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    @WillHartung There are lots of Commodore interviews with engineers and management, and books and presentations written on the subject of the Amiga. It's a popular series of computers, created by passionate engineers. So I would say 'highly likely'.
    – knol
    Feb 10 at 23:57
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    The Raspberry Pi has no RTC either.
    – AndreKR
    Feb 11 at 15:49
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    For retrocomparison,, PDP-11 minicomputers (at least,, the TTL systems; I didn't deal with later models) did not have a 'clock' in the sense that a battery would be any use. While the system was running, the OS tracks time by counting intterupts, either line frequency or a programmable timer. Feb 11 at 17:48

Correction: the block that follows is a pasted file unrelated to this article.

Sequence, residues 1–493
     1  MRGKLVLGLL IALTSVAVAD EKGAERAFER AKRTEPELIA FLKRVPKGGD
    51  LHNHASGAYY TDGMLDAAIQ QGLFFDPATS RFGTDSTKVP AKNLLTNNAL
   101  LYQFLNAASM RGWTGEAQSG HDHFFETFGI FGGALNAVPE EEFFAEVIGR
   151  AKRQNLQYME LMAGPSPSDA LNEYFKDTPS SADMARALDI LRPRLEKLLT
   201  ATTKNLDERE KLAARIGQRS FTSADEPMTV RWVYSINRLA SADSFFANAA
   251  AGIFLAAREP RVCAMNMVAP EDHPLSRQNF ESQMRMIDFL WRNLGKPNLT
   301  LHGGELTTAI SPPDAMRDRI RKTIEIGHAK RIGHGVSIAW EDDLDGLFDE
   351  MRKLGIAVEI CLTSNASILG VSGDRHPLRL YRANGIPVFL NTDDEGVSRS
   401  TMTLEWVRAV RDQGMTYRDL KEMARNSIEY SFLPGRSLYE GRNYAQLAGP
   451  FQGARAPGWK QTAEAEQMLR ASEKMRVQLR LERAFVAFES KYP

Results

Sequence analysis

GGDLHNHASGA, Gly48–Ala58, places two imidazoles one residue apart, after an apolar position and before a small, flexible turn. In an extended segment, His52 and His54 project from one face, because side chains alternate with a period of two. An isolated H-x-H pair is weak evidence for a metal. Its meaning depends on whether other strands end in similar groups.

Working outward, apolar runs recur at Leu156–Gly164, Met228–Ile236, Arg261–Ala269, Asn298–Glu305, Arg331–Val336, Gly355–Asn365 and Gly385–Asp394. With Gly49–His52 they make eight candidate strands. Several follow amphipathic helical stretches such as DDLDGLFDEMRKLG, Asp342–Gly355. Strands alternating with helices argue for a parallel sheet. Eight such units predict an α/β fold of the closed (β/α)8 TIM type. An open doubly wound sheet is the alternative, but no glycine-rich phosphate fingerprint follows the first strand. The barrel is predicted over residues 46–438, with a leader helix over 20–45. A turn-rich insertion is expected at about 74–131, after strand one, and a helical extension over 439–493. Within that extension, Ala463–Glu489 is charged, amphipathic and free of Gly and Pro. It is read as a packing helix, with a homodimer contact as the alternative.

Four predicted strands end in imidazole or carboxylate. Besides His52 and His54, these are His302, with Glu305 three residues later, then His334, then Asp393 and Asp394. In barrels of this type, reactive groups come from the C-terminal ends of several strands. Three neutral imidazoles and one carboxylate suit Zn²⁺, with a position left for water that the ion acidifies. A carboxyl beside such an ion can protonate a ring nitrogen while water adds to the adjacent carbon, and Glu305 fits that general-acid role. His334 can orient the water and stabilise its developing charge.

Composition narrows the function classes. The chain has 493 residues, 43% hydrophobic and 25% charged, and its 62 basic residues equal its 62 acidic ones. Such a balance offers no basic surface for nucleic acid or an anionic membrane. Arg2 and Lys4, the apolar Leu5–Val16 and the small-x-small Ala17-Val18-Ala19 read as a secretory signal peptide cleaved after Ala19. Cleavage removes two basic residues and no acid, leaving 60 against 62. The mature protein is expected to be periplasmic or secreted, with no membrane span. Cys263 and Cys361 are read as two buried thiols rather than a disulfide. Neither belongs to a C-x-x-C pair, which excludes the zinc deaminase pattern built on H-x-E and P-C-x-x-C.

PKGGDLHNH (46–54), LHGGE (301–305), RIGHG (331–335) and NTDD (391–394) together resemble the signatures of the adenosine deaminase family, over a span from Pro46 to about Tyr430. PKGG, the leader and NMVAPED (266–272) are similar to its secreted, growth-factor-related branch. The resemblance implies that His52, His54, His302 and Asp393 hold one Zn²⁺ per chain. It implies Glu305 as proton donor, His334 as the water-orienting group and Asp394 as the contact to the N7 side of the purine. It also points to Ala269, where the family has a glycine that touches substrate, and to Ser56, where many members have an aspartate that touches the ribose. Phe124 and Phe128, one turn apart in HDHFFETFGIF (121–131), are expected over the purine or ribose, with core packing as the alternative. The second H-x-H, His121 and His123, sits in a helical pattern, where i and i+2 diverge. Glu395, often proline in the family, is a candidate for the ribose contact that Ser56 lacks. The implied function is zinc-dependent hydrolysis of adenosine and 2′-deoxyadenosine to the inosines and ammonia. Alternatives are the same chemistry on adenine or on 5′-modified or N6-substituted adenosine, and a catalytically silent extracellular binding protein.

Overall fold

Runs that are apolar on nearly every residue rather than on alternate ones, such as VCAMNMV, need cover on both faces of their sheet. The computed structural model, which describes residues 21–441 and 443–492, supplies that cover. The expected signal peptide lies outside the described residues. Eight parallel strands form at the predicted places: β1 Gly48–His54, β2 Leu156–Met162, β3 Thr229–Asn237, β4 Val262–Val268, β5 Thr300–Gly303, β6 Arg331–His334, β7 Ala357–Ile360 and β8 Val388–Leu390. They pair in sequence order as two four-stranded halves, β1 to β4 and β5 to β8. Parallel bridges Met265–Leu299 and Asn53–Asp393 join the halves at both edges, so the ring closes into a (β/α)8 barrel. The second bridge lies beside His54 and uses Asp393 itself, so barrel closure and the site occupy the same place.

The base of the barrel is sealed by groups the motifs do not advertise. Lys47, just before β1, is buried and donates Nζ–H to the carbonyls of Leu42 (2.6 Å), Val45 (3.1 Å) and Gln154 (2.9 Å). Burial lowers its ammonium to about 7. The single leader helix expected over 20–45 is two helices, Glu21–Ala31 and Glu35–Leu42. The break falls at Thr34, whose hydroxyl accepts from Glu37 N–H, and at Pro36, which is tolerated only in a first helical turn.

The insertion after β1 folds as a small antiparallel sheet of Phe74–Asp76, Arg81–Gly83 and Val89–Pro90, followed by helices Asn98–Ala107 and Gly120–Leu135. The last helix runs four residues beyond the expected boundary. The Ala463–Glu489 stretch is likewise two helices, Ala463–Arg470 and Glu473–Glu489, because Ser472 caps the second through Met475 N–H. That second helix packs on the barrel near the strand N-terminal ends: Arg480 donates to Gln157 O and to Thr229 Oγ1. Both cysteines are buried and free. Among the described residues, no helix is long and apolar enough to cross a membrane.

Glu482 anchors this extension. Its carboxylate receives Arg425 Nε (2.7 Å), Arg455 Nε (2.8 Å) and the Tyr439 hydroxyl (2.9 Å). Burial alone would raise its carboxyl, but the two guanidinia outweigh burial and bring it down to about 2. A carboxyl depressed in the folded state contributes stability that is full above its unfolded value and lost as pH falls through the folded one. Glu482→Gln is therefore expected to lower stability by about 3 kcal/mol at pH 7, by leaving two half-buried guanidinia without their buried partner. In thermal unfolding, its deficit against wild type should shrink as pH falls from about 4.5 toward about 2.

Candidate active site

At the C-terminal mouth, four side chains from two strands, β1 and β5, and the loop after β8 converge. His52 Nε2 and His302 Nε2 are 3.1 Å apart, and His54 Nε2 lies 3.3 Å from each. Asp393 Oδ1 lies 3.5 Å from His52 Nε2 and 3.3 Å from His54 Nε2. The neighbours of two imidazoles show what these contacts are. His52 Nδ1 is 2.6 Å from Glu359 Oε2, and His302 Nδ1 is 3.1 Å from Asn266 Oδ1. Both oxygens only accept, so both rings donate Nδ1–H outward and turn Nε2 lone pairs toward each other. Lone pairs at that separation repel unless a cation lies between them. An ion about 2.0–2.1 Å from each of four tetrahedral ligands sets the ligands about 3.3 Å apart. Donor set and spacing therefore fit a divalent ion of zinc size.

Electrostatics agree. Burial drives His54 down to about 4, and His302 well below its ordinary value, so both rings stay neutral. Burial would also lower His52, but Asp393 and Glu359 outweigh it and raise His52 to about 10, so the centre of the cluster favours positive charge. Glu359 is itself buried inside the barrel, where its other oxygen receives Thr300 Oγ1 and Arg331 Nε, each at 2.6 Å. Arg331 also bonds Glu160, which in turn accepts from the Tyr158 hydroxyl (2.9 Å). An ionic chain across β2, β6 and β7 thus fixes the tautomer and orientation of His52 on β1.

5 Answers 5

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You specifically mention the Amiga 1200 in your question, but your statement about real-time clocks is not true for Amigas, in general.

From 1987, the Amiga was offered in at least two versions aimed at two different markets. Beginning with the A500 and A2000, the A500 was meant as a relatively low-cost "home" computer, whereas the A2000 was aimed at "professional" and "prosumer" markets and cost about double. The A2000 included a real-time clock with battery backup. For the A500, this was an option, and was part of the "belly slot" memory expansion that increased RAM to 1MiB. It is noteworthy that most A500 users bought this expansion option too, but mainly for the added RAM.